The separation between destroying and deallocating the pointed-to-object is an implementation detail you don't need to care about, but it is caused by using make_shared.

If you do

shared_ptr<int> myPtr(new int{10});

you allocate the storage for the int, then pass that into the shared_ptr constructor, which allocates storage for the control block separately. In this case, the storage for the int can be deallocated as early as possible: as soon as the reference count hits 0, even if there is still a weak count.

If you do

auto myPtr = make_shared<int>(10);

then make_shared might perform an optimisation where it allocates the storage for the int and the control block in one go. This means that the storage for the int can't be deallocated until the storage for the control block can also be deallocated. The lifetime of the int ends when the reference count hits 0, but the storage for it is not deallocated until the weak count hits 0.

Is that clear now?

  • Why does the control block need to track weak_refs?If the shared_ptr is created by new ,I think there's no need to deallocate the control block when there's no weak_refs,because the control block does not take much space. – scottxiao Mar 31 '18 at 8:56
  • 1
    I don't see the connection between the size of the control block, and whether or not you need to deallocate it?? If you don't deallocate it when there is nothing in your code referring to it, that's a memory leak. Being small doesn't stop it being a leak. – BoBTFish Mar 31 '18 at 9:01
  • 1
    The word deleted used by Primer is misleading,which makes me thinks of delete ptr that will deallocate the memory. – scottxiao Mar 31 '18 at 9:08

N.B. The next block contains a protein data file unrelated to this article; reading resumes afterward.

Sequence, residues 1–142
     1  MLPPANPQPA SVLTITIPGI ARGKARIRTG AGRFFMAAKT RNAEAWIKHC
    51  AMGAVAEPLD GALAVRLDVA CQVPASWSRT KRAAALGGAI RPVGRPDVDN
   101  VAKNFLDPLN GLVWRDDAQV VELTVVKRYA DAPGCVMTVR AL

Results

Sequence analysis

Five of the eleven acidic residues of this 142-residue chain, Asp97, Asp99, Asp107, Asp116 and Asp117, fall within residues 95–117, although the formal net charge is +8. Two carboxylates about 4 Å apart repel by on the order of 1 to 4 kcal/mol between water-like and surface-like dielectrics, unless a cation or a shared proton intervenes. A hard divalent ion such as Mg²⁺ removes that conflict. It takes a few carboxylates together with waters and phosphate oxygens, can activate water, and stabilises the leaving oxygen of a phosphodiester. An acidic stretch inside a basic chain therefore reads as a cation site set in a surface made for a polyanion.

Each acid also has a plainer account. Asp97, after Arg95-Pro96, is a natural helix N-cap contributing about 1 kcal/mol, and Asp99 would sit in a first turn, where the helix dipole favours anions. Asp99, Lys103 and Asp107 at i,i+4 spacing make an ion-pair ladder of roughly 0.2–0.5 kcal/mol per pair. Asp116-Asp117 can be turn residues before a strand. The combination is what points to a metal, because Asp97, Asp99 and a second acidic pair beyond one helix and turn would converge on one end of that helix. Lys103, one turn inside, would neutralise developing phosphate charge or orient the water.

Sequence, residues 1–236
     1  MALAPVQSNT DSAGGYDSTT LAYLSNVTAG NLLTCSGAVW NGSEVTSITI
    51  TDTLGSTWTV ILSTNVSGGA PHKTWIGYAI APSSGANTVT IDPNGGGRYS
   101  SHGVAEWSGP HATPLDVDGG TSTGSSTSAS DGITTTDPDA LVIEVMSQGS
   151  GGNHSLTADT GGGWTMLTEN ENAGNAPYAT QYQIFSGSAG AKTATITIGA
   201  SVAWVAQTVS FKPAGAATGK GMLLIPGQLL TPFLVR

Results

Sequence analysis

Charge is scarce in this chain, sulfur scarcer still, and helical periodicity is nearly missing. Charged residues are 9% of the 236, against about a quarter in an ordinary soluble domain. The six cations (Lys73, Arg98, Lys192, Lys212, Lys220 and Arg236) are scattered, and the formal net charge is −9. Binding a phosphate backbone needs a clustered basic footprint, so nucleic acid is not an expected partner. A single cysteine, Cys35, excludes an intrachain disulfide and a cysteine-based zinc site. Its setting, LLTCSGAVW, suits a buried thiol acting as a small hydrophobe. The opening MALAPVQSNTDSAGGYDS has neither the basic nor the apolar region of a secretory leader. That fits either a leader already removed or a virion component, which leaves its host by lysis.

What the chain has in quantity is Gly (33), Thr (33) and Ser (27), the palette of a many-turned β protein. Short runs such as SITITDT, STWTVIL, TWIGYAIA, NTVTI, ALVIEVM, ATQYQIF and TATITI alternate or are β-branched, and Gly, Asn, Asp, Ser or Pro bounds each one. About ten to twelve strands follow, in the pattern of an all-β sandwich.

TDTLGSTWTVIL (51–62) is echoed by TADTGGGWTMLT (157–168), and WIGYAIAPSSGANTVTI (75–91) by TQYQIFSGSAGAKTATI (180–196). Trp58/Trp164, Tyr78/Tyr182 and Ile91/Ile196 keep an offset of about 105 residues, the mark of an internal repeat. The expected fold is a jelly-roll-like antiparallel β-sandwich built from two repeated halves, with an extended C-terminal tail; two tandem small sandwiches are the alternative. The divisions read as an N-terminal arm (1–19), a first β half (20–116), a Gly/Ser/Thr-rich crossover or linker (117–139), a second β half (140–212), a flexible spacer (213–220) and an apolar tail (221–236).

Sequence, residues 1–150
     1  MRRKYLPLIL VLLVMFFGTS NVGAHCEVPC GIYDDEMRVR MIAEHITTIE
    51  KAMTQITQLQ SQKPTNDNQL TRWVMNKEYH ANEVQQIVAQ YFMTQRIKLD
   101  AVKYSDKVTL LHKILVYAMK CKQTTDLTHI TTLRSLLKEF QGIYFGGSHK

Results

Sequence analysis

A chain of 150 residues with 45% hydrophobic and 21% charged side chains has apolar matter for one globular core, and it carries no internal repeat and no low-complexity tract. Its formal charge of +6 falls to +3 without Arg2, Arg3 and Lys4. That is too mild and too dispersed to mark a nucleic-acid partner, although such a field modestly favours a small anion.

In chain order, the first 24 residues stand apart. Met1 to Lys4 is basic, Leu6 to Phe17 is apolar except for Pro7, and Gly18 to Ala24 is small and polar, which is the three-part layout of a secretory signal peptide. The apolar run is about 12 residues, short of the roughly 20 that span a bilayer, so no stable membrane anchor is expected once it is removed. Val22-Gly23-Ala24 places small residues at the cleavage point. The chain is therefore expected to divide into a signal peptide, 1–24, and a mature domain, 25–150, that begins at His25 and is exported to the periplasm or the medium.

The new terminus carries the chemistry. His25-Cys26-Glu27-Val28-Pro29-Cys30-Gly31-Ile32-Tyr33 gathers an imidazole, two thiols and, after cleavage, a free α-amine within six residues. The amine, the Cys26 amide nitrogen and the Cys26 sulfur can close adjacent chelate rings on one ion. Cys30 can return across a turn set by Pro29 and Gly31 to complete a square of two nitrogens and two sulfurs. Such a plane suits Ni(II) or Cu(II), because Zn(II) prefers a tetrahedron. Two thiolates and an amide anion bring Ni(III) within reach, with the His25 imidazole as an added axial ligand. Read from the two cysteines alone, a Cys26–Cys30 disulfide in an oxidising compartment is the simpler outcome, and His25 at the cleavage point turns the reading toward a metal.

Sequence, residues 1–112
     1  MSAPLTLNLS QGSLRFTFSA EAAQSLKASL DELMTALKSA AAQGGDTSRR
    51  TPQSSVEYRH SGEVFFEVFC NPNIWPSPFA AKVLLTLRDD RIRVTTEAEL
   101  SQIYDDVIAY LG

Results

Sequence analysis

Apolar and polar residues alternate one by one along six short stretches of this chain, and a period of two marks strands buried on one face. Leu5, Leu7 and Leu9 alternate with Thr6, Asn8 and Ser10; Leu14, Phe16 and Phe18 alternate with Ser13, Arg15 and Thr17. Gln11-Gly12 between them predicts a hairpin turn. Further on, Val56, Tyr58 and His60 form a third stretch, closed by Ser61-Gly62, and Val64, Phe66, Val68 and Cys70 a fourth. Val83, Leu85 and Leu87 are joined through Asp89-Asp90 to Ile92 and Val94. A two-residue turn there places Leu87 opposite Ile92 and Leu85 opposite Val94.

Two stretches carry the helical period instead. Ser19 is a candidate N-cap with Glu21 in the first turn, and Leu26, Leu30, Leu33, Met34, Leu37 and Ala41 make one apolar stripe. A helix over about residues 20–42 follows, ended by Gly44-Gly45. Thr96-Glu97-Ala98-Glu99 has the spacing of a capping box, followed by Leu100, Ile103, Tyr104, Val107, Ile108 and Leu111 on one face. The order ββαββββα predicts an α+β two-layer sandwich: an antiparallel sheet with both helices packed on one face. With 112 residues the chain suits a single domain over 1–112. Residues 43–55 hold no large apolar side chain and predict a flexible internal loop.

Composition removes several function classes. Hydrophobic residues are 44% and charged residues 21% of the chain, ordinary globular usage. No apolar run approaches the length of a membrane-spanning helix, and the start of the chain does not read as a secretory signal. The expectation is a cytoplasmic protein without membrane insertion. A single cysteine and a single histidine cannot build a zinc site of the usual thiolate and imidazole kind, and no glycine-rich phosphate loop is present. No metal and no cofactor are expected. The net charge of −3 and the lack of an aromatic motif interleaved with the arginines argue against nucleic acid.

• 1
    What the Primer says is completely true, if you ignore the optimisation that make_shared is allowed to use. That is, if you assume the storage for the object and the control block are completely separate, then the object will be destroyed and its storage deallocated at the same time. I guess the authors decided you don't need to know about the details of this optimisation - it is only a primer, after all. – BoBTFish Mar 31 '18 at 9:10
  • @bigxiao The Primer seems to conflate two different uses: shared_ptr<T> p(new T) and make_shared<T>(). delete ptr is required to be called, where ptr is the argument used during construction of p. (This is actually observable by replacing the delete operator.) When make_shared is used instead of new, the memory allocation is under the control of that function. – curiousguy Jun 12 '18 at 22:48
7

The weak_ptr need to point to something that can tell if the object exist or not so it knows if it can be converted to a shared_ptr. Therefore a small object is needed to housekeep this information.

This housekeeping control block needs to be destroyed when the last week_ptr (or shared_ptr) is removed. Therefore it has to keep count of both the shared_ptr and the week_ptr's.

Note that the housekeeping control block is not the same as the object the ptr's point to and therefore the week_ptr do not affect the objects lifetime.

There is a bunch of different ways to implement smart pointers depending on what behavior you would like it to have. If you want to know more I would recommend "Modern C++ Design" by Alexandrescu (https://www.amazon.com/Modern-Design-Generic-Programming-Patterns/dp/0201704315)

  • But the weak_ptr can tell if the object exists by checking the strong refs in control blocks,the control block does not need to track the weak refs? – scottxiao Mar 31 '18 at 8:51
  • 3
    If the weak_ptr is not tracked the control block needs to be deleted then the last shared_ptr is removed. Then the weak_ptr will point to something that do not exist anymore (the control block) and that is not good... – madlers Mar 31 '18 at 8:57
  • If the shared_ptr is created by new ,I think there's no need to deallocate the control block when there's no weak_refs,because the control block does not take much space. – scottxiao Mar 31 '18 at 8:58